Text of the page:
The Dallas Morning News had a great column this week written by Virginia Hammerle on terms heard when talking about probate. I am reprinting below that entire article.
Cracking the code
The special language of probate
LEGAL TALK TEXAS
At least 99 percent of you will, at some point, have your life touched by a probate estate. If you are very unlucky, then you might even be appointed as an executor or administrator. This article is a clip-and-keep for when that time comes.
Here is your key to the mysterious terminology of Texas probate.
Decedent: the person who just passed away.
Estate: the assets and debts of the decedent.
Probate: the court proceeding to handle the decedent’s estate.
Texas Estates Code: the source of all wisdom in the world, according to more than one Texas probate judge.
Will: a written document either signed by a decedent or completely in the decedent’s handwriting and signed by decedent, that disposes of the decedent’s estate upon death. Hopefully not based on an internet form.
Executor: the person appointed by the court to execute the terms of a will in a probate estate. There are two flavors: independent and dependent. The independent Executor acts without court supervision. The Dependent Executor has to obtain court permission before performing any duty or taking any action. Generally speaking, if the estate is solvent, then it is much better to be an Independent Executor than a Dependent Executor.
Administrator: the person appointed by the court to handle an estate when there is no valid will. An Administrator’s life is always more difficult than that of an Executor, simply because there is no will.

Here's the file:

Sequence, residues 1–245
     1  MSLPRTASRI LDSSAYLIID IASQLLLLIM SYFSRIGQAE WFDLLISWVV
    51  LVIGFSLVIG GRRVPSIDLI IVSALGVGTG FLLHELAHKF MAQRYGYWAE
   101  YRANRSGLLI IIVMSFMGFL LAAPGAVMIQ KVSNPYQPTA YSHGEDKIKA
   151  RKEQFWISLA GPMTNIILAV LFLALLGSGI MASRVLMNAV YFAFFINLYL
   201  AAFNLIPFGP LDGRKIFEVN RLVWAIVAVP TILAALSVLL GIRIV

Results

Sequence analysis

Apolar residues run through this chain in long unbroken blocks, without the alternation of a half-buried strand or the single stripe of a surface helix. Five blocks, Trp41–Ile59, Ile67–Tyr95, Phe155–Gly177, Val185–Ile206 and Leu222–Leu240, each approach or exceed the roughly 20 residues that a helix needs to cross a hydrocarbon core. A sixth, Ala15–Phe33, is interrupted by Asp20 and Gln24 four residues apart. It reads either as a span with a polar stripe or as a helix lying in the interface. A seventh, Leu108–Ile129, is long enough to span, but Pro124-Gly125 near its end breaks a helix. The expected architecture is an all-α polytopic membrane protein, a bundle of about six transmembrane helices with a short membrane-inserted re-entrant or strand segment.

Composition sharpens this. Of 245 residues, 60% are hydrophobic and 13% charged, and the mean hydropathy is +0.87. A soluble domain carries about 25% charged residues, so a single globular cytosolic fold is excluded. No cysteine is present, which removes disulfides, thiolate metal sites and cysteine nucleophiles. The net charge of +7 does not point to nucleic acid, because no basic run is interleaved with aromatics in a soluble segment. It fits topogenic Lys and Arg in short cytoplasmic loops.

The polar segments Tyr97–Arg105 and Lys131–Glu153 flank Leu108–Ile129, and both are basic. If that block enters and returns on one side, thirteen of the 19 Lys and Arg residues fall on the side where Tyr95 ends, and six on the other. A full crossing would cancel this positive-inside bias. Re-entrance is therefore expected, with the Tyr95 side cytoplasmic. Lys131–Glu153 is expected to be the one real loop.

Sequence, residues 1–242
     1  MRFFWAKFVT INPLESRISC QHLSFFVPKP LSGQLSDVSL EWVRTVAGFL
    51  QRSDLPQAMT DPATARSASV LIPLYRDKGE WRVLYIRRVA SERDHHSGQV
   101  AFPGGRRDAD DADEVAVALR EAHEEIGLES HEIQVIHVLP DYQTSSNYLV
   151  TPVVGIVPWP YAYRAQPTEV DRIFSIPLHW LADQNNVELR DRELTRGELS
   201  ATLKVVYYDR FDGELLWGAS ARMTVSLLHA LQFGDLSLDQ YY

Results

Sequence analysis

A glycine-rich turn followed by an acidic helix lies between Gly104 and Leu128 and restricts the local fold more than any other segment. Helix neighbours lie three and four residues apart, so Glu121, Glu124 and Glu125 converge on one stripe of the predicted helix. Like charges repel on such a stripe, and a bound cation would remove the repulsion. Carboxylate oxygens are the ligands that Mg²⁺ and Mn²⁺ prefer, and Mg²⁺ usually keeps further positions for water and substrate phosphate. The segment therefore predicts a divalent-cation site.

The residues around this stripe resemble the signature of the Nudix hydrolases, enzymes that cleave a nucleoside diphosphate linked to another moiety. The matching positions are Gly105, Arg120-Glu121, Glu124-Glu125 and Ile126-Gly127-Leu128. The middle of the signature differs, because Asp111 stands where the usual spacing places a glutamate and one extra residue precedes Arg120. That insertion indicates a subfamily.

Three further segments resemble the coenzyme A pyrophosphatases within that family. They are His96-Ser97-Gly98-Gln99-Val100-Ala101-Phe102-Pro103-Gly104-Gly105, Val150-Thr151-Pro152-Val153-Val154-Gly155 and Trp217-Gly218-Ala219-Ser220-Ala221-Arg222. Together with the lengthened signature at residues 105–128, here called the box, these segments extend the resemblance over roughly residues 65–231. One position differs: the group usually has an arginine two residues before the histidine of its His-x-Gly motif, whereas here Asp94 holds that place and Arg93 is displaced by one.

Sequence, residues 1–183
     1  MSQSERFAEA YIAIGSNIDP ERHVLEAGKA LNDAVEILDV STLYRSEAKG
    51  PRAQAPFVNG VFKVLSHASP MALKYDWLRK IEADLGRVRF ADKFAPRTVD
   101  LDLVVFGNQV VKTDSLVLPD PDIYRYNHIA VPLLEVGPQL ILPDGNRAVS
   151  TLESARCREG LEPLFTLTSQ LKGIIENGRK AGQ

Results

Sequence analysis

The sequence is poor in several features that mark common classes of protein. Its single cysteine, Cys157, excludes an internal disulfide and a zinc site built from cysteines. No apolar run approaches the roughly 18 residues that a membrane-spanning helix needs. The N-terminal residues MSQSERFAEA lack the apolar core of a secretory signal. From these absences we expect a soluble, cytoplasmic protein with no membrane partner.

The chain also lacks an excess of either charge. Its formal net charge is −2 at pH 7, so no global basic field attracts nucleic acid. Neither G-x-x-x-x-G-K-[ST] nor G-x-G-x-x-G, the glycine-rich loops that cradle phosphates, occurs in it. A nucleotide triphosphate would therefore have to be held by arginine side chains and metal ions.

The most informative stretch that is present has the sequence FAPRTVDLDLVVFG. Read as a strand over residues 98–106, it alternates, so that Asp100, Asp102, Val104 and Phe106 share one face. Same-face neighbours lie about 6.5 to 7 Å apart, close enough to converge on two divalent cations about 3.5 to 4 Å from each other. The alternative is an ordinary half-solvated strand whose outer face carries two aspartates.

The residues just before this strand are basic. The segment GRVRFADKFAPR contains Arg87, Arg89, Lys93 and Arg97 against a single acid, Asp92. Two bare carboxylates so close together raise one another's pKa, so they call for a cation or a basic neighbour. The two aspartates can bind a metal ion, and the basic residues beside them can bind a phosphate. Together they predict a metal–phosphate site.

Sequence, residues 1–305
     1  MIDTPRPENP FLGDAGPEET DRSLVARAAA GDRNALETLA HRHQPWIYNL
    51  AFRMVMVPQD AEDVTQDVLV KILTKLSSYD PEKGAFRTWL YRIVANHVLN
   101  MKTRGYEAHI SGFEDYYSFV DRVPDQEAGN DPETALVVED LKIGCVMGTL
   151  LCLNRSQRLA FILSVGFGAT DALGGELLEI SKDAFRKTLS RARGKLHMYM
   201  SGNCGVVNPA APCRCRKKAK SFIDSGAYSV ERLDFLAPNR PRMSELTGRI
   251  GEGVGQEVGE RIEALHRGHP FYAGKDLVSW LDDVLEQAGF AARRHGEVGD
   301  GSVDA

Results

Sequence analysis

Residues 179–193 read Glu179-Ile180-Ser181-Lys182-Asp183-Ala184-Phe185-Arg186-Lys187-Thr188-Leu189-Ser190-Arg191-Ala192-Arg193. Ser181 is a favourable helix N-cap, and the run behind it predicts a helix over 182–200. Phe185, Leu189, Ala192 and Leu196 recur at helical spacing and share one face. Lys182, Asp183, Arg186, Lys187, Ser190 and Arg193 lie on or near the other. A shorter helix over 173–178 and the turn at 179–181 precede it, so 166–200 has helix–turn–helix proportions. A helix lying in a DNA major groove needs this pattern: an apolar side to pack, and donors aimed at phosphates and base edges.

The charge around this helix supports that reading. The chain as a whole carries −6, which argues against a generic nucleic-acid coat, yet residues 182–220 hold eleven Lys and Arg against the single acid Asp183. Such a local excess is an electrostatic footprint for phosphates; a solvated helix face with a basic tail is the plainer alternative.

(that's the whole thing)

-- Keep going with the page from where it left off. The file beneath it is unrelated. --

Letters Testamentary: This is a document prepared by the county clerk that states the executor or administrator is authorized to act. Most third parties demand to see original Letters Testamentary; thus the executor usually orders at least six. The Letters are technically good for only 60 days, and new Letters may have to be requested when the old ones expire.
Devisee: the person the decedent designated in writing to inherit an asset.
Heir: This is someone who inherits as a matter of law because the decedent did not leave a will. Heirs and Administrators go hand-in-hand into the wilderness of “no will.”
Fiduciary: the executor or administrator. A fiduciary’s duty is the highest duty in law. Think of it as the rope used to legally hang a crooked executor or administrator.
Citation: a formal notice issued by the court clerk about the probate.
Notice to Creditors: a formal notice given by an executor or administrator to all secured creditors, and some unsecured creditors. This is the first of many probate pitfalls, because if notice is not timely given, then the executor or administrator can be held personally liable for damages.
Inventory: a list of all probate assets, together with values as of the date of death.
Estate Tax Return, Decedent’s Income Tax Return, Federal Fiduciary Tax Return: the reason every probate estate has a CPA on retainer.
And that should be enough to get you started down the probate path.
The information contained in this article is general information only and does not constitute [legal advice.]